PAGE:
We spoke with Chicago Teachers Union President Karen Lewis about school safety, closings and more. Read what she had to say. Visit School Safety for more.
CPS has said that the teachers union has taken a pass on school safety. What is your response to that? What exactly has or is the union doing to help provide for a safe transition?
What do they mean we’ve taken a pass? We didn’t know about the closings until a couple of weeks ago. We didn’t know the names of the schools that were on the list. So it’s impossible to ask us for a plan since we were never involved in the process from the beginning to come up with some sort of alternate plan.
Our plan is not to shut schools down. We wanted to take a year to put together a master plan. We were never asked to comment on this plan. We were unaware of what schools and what actions were going to take place at these schools till two weeks ago. We don’t think that’s enough time for us to put forth a credible plan because it takes more time to do it well. We don’t do things in a slap-dash manner.
We would need to spend time talking with the community, students, parents and the police department. We make decisions based on data, and not just something last-minute.
What are your thoughts on the Safe Passage program?
From what I understand -- and again I don’t know that much about it because we haven’t talked that much about it -- it was a relatively small plan done at some schools that doesn’t seem to be particularly comprehensive. Safety isn’t just about getting kids from point A to point B. It’s about having support in place. And safety is about making kids feel comfortable in their environment and to understand what’s going on. That’s all I know about it, and to be honest with you, they haven’t given us any real details.
Several hearings are underway for parents, teachers and community members to express their concerns about school closings and safety. What are your goals for the hearings and what do you hope will happen as a result of them?
I think that one of the things that needs to come to the fore is what are schools going to look like when schools are combined. We are concerned about efficiency and utilization rates. We see schools that would be overcrowded, so in trying to solve one problem we may be bringing up another one. I hope schools use utilization factors. I also hope that schools have a very strong community and strong programmatic process.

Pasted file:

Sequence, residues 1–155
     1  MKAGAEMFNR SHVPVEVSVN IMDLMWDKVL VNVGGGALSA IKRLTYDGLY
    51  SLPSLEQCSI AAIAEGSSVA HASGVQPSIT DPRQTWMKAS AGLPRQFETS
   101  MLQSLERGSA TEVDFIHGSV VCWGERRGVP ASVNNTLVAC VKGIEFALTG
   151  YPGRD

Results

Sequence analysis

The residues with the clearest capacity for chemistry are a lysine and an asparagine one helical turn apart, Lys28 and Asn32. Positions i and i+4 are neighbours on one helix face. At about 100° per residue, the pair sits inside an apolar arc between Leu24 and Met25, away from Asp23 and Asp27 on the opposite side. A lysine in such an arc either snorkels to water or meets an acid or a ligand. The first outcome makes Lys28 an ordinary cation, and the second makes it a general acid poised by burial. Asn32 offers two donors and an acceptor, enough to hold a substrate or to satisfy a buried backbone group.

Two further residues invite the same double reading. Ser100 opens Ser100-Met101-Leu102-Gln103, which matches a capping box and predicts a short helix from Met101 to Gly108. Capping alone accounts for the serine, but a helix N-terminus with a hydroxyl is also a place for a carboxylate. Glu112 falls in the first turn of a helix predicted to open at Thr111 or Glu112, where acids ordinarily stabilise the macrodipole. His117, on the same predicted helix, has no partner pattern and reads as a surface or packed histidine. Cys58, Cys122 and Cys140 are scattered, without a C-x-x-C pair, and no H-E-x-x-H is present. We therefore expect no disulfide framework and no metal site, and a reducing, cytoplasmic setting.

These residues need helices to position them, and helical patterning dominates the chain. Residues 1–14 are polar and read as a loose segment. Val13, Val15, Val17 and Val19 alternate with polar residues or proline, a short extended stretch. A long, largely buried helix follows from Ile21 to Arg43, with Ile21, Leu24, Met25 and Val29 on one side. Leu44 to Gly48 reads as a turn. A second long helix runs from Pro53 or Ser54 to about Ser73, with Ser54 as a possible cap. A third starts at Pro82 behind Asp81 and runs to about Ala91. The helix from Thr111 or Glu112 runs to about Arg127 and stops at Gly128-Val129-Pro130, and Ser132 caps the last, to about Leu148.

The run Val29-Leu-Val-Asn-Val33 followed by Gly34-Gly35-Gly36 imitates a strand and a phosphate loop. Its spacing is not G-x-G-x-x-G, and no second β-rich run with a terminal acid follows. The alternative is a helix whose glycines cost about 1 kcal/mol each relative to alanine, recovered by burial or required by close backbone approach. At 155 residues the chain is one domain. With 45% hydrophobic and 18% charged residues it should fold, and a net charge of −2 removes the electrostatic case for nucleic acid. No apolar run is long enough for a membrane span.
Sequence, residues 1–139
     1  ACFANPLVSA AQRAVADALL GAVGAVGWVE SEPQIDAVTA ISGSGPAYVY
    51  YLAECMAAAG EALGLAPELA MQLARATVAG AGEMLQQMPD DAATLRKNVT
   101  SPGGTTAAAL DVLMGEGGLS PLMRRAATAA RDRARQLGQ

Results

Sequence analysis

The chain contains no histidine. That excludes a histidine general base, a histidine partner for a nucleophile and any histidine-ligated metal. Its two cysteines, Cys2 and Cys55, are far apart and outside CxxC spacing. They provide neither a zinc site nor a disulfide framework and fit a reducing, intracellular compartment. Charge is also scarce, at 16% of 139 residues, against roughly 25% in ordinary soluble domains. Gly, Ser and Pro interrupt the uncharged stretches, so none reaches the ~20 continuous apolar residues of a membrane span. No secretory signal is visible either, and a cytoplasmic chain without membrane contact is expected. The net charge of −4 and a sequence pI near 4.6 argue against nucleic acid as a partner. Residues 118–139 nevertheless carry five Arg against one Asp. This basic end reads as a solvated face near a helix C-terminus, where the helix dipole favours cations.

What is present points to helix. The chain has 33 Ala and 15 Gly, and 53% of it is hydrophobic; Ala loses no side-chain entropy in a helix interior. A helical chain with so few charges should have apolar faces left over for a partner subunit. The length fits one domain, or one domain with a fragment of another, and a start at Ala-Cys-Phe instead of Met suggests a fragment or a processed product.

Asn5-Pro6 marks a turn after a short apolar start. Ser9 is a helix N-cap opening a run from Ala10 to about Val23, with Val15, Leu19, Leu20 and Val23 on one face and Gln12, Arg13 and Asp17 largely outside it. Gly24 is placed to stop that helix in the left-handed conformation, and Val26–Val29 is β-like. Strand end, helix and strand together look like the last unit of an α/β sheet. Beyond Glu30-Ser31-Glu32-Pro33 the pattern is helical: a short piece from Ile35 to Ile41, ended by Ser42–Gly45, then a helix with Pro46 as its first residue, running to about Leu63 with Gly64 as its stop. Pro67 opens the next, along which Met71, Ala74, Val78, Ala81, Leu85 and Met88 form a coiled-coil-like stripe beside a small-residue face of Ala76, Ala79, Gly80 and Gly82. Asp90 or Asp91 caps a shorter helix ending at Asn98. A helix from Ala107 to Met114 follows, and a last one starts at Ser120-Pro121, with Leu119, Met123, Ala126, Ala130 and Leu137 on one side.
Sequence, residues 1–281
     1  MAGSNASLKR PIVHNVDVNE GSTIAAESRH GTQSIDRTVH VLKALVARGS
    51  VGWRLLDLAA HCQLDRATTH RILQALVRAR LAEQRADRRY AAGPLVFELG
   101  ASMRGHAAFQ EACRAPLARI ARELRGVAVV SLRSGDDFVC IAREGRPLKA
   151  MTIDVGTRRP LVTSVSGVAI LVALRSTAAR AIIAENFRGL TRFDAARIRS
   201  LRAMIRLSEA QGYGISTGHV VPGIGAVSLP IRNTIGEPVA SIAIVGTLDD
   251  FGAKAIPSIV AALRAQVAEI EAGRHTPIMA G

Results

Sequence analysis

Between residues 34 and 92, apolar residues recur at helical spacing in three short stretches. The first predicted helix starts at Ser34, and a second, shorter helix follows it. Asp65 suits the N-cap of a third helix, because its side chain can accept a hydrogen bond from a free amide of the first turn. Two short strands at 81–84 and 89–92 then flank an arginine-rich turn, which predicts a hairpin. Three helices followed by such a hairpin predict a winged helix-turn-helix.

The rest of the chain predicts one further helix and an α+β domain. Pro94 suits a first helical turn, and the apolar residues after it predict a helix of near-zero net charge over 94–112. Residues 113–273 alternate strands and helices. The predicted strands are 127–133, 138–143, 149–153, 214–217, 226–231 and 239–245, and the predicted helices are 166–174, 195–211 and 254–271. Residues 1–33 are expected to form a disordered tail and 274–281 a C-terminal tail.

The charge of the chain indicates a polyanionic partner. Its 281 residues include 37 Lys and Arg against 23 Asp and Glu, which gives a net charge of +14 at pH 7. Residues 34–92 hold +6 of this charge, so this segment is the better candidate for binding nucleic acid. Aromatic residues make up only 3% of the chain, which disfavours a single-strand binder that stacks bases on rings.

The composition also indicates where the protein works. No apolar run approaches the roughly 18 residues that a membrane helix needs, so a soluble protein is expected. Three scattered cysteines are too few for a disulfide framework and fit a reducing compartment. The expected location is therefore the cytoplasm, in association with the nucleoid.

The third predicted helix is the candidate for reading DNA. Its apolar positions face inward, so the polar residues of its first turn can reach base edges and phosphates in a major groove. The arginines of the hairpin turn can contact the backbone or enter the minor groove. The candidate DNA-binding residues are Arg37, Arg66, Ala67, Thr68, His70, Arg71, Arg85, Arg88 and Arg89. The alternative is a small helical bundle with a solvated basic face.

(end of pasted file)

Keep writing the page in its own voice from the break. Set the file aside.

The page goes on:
This is a very unfortunate experience. You get 120 seconds to beg for your school. It’s almost humiliating. It’s a process that some people think is a sham. I hope the Board of Education is strong enough to make truly tough decisions. The decision to close schools is an easy one. The decision to take schools off the list that do not need to be on that list is the tough decision. That’s my hope for the hearings.
If the school closings happen as recommended, what are the next steps CTU will take or what is on the agenda in the aftermath of shuttered schools?
I don’t want to think in that direction. I don’t want to think negatively. Of course we will have contingency plans. We will be there for our members, our children, and our community. Clearly, the problem is not something that is particular to Chicago. This is a national attack from a corporate agenda on public schools. What I would hope is we could call for a national conversation about how we want to go. What we never talk about as a choice is a quality neighborhood school.
What I would like to see happen is a study on what’s happening to the schools and the school actions that have taken place already. This is just a massive, massive attack.
It’s sad that the state of education in this country is that we will close schools and disrupt children’s’ lives. We will balance the budget on the backs of small children -- and I think that’s heinous.